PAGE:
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Pro Day roundup: Alabama QB Mac Jones discusses what makes him “pro-ready”

Alabama held the second part of their Pro Day press conferences on Monday, and Lead Draft Analyst Jacob Infante had the chance to speak to some of their top prospects.

CFP National Championship Presented by AT&T - Ohio State v Alabama Photo by Kevin C. Cox/Getty Images

Alabama held their Pro Day last Tuesday, and after holding press conferences for a handful of their stars last week, they gave opportunities to speak with head coach Nick Saban and three of their top performers.

The big headline coming out of the conferences for Bears fans was the confirmation that Mac Jones has had a formal meeting with their staff. The consensus All-American told Windy City Gridiron about his meeting with Chicago’s brass and appeared comfortable when talking about how the encounter went.

Jones put together a stellar 2020 season, and his accuracy and ability to make pre-snap adjustments has some draft analysts dubbing him the most “pro-ready” quarterback un the 2021 NFL Draft. When asked about that designation, he attributed his mental acumen to a strong work ethic and hopes to continue his successes at the NFL level.

“I think I’ve always tried to be a pro in whatever I do,” Jones elaborated. “I think that the team that picks me is going to realize that they don’t have to worry about me being the first guy in or the last guy out. I’m going to sit and watch as much film as I can and do all the right things. Obviously, the tape speaks for itself. You can watch what I did and nobody knows my reads, so people out there who say I’m just throwing it to the first guy, that’s not necessarily true.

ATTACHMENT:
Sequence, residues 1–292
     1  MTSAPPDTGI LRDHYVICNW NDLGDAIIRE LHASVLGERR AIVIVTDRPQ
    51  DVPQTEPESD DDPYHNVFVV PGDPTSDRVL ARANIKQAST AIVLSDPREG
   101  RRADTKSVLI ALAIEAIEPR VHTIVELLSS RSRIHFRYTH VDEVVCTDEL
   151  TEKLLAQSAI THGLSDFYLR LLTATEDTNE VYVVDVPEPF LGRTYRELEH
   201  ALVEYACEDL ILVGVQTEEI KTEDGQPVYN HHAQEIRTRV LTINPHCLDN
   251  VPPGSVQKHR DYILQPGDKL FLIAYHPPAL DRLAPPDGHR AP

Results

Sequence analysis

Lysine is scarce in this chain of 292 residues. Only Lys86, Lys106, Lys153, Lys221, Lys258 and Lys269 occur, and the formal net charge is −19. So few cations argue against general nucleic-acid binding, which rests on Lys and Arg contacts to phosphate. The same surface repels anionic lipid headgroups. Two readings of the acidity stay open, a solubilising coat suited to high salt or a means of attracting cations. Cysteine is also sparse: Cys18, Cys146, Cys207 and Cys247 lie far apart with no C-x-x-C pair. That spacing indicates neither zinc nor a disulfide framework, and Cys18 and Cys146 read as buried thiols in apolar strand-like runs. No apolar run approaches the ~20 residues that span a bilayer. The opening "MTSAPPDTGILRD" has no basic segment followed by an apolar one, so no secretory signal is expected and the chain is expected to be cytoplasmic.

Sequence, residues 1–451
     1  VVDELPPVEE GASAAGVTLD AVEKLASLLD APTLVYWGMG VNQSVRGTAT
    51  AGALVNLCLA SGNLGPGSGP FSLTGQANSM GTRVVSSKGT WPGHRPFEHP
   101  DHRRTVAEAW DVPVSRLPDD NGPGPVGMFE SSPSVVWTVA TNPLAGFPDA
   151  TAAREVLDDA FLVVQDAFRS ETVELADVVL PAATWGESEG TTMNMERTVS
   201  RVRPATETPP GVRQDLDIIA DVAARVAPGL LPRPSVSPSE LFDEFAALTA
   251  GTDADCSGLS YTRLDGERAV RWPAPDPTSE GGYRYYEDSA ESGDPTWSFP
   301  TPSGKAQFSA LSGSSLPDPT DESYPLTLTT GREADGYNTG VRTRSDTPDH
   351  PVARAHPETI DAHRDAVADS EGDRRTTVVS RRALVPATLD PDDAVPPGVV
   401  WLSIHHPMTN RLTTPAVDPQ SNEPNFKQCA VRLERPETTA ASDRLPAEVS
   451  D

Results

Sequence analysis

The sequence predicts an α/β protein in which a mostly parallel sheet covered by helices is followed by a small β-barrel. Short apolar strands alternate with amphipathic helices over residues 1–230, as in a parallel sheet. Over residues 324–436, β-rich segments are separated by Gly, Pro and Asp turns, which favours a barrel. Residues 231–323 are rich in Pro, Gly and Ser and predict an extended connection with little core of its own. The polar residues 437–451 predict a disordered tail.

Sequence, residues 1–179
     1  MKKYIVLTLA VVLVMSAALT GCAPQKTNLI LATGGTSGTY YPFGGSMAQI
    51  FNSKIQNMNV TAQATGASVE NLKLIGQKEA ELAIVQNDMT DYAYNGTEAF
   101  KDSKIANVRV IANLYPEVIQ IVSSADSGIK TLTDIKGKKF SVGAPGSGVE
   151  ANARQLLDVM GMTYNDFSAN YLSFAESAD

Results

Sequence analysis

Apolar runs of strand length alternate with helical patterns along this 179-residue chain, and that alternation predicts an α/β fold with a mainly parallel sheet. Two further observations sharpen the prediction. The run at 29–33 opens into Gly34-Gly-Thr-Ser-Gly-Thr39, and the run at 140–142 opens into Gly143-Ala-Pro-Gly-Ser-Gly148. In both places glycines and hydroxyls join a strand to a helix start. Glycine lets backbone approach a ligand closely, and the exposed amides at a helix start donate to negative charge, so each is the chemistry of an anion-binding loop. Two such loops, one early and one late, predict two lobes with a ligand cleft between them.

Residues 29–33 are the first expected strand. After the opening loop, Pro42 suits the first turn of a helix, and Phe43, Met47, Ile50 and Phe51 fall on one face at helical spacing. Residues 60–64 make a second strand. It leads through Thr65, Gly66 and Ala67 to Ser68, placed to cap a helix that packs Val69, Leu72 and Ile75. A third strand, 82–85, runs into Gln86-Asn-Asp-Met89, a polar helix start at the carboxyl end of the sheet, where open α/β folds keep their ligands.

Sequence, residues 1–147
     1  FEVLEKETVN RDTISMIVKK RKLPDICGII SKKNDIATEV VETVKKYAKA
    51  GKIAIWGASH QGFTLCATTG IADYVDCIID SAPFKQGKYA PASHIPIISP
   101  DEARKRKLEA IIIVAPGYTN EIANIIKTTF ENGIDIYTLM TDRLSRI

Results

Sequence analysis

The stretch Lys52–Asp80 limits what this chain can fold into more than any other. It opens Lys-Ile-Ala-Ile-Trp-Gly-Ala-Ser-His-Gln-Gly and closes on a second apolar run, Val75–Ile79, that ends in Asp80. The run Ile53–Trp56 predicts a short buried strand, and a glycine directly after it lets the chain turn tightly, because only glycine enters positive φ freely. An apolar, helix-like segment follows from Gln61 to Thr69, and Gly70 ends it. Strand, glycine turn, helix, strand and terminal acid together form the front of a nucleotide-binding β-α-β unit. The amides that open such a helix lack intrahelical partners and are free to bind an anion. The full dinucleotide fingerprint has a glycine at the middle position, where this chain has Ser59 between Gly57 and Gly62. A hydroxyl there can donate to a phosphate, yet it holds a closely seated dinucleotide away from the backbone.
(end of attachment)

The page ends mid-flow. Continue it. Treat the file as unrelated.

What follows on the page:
“I do a really good job of dissecting defenses, and I’m going to continue doing that in the NFL. It’s going to be a lot more difficult, but hopefully I’ll be able to figure that out. In terms of that, I just got to evaluate where I’m at after this Pro Day and just continue to grow that in the weight room, get a little more strength and speed, and it’ll all work out how it’s supposed to work out.”

Jones was the lone offensive standout to speak to the media on Monday, with many of Alabama’s star offensive prospects appearing in last week’s conference. However, the Crimson Tide did have two highly-touted defenders appear in the form of linebacker Dylan Moses and cornerback Patrick Surtain II.

Moses was widely viewed as a first-round pick in the 2020 draft coming into the 2019 season, but a torn ACL in practice caused him to miss the entire year. He came back with a vengeance this past year, and while he is viewed primarily as a Day 2 selection now after playing through the year with a torn meniscus, teams are still high in demand for the three-year starter.

Playing most of his collegiate career as a weak-side linebacker, Moses slid inside as the Crimson Tide’s MIKE linebacker in 2020. Though he’s comfortable playing just about anywhere, he feels that a return to his roots would maximize his athletic skill set.